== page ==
8th marked a special moment in Tadias' brief history.
Members of the New California Media - a consortium
of ethnic organizations were hosted by Tadias magazine
at Zeni's Ethiopian Restaurant in San Jose, California.
It was delightful to see publishers, radio and other
personalities enjoying a taste of Ethiopian cuisine
as they discussed business, finance, and the future
of ethnic representation in mainstream American media.
A few weeks later our previous article on Little Ethiopia
got picked up by Pacific News Service and the Sacramento
Journal revealing to us the power of networking. We've
included a few images from this successful event and
would especially like to thank Zeni's for their support.
In this issue we've
expanded our content base to include a grassroots
section. 'Grassroots' focuses on individuals of exceptional
creative calibur or organizations which have created
practical humanitarian solutions to improve thousands
of lives. Our feature story in this new section, 'U.S.
Doctors for Africa,' is an inspirational narrative
of one Ethiopian's vision to transfer the surplus
of medical knowledge and practice to places in Africa
where it is needed most.
We have also realized
that there is a largely untapped artistic potential
within the Ethiopian-American community that needs
to be better highlighted. To this end our cover story
featuring Yonie, a young Ethiopian-American musician,
teaches us two lessons: the first in Yonie's own words,
is to 'create your own reality and then step into
that reality." The second is that success comes
in many faces, in the old, the young, and everything
Tadias in the News
|Rising Music Star: Up Close and Personal w/ Yonie
in the music industry is cutthroat and the Recording
Industry Association of America (RIAA) acquaints
us with less than favorable statistics: out of the
estimated 27,000 new record releases that enter
the U.S. market each year, only about 7,000 (26%)
comprise products made by major labels. Most records
never sell enough to cover exorbitant production,
promotion, and distribution costs. In fact only
10% reap any real profits. Mount that with the fact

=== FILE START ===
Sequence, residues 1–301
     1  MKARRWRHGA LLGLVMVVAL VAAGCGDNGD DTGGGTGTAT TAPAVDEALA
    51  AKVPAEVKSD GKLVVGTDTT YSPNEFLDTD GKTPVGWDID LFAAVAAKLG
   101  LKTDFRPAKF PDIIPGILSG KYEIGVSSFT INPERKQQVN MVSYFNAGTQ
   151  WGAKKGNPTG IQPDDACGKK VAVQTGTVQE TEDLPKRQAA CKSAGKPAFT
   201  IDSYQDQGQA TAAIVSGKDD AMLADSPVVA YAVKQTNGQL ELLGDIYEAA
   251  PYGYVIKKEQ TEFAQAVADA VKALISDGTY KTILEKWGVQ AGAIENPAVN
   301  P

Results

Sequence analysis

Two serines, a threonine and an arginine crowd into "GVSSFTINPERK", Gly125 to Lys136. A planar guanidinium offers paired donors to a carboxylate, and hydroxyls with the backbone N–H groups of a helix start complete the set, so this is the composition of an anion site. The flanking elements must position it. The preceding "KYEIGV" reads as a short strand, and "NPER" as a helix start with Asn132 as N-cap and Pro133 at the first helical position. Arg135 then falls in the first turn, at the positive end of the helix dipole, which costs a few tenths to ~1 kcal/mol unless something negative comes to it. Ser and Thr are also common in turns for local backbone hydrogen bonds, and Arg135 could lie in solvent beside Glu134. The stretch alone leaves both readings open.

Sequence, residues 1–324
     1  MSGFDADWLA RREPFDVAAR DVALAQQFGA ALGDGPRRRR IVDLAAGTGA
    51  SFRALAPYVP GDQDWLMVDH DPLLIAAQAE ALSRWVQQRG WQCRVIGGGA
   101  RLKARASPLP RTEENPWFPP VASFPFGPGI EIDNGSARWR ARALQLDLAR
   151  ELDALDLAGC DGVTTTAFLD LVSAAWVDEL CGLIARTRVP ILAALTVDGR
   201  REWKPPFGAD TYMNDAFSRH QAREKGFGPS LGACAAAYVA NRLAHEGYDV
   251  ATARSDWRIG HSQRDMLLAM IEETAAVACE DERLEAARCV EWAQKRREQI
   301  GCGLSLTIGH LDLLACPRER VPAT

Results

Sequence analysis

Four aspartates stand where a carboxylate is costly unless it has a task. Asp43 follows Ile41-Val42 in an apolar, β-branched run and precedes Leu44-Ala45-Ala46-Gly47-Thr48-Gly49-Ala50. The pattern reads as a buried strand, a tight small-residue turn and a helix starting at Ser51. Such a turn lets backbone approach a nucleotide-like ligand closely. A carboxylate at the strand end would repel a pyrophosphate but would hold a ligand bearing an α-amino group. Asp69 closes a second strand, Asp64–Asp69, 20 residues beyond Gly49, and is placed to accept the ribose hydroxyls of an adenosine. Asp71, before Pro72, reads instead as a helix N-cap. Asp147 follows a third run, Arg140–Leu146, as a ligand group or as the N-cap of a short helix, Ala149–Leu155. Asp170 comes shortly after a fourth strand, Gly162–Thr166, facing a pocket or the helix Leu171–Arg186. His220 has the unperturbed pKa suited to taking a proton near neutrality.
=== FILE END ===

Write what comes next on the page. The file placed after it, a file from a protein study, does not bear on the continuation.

that music industry characteristics have changed
dramatically since the golden classics era. continued...
New Generation of Student Leaders
Coming to America by Professor Donald Levine
U.S. Doctors for Africa:
Working Towards Alleviating
Danger Dangers of Hepatitis B
It's Sunday, right after a church
sermon. The smell of frankincense was still lingering
in the air when the priest pulled me to the side and
asked for my advice about a 21-year-old Ethiopian
woman who had been losing weight drastically over
the last few weeks. She was complaining of severe
right upper side abdominal pain, nausea, loss of appetite,
and had yellowish hue in her eyes and skin (jaundice).
A Thought: Ethiopia of Myth & Reality
I have a friend who is among a handful
of thoughtful people I know. He shows interest and
listens to what I say although he is not always in
agreement. His comments to me are the reason why I
chose to write this essay. While residing in the country
of my dreams in 2003, I tried to imagine both the
Ethiopia of myth and the Ethiopia of reality.
Freedom and Slavery by G.E. Gorfu
found that all existing moral ideas might be divided
into two broad classes, corresponding to the two broad
varieties of human beings - the masters and the slaves.
Every man is either a master or a slave, and the same
is true of every race. Either it rules some other
race or it is itself ruled by some other race. continued...
Thank you for sending me the second
issue of TADIAS (March/April 2003). I very much
enjoyed reading the articles; I read them all. It
is clear that TADIAS is serving as an important
voice to Ethiopian-Americans and the Ethiopian community
at large. I congratulate you for your vision and
concrete positive contribution to the
Professor Ayele Bekerie
Cornell University, Ithaca, NY
I live in Atlanta and I just purchased and read
your magazine. I love it. I think it is great that
young Ethiopian professionals speak out about living
in America. I moved to the U.S. at an early age
and I can relate to most of the issue that are covered
in your magazine. Keep up the great work and I look
forward to your next issue!
Cover: The Story of Marcus Samuelson
Thank you for your very enjoyable article about
Marcus Samuelsson. As an avid amateur cook, I have
followed the career of Marcus Samelsson, mostly
in American and European publications. As you can
imagine, I was very excited to see his face on the
cover of your magazine. Thank you for recognizing
the accomplishments of this incredible individual.
I am glad that the larger Ethiopian community is
now aware of what I have known for a long time _
that he (Mr. Samuelsson) is proud
of his heritage as an Ethiopian and his
humble beginnings as an orphan.
Via the Internet
I loved your article about
Samuelsson. I had the great pleasure of
dining in his restaurant in New York City. I must
concur that he is an amazing cook and a decent human
being as well. Although eating at Aquavit is expensive,
I encourage Ethiopians to sample his work and show
our support in big numbers.
Via the Internet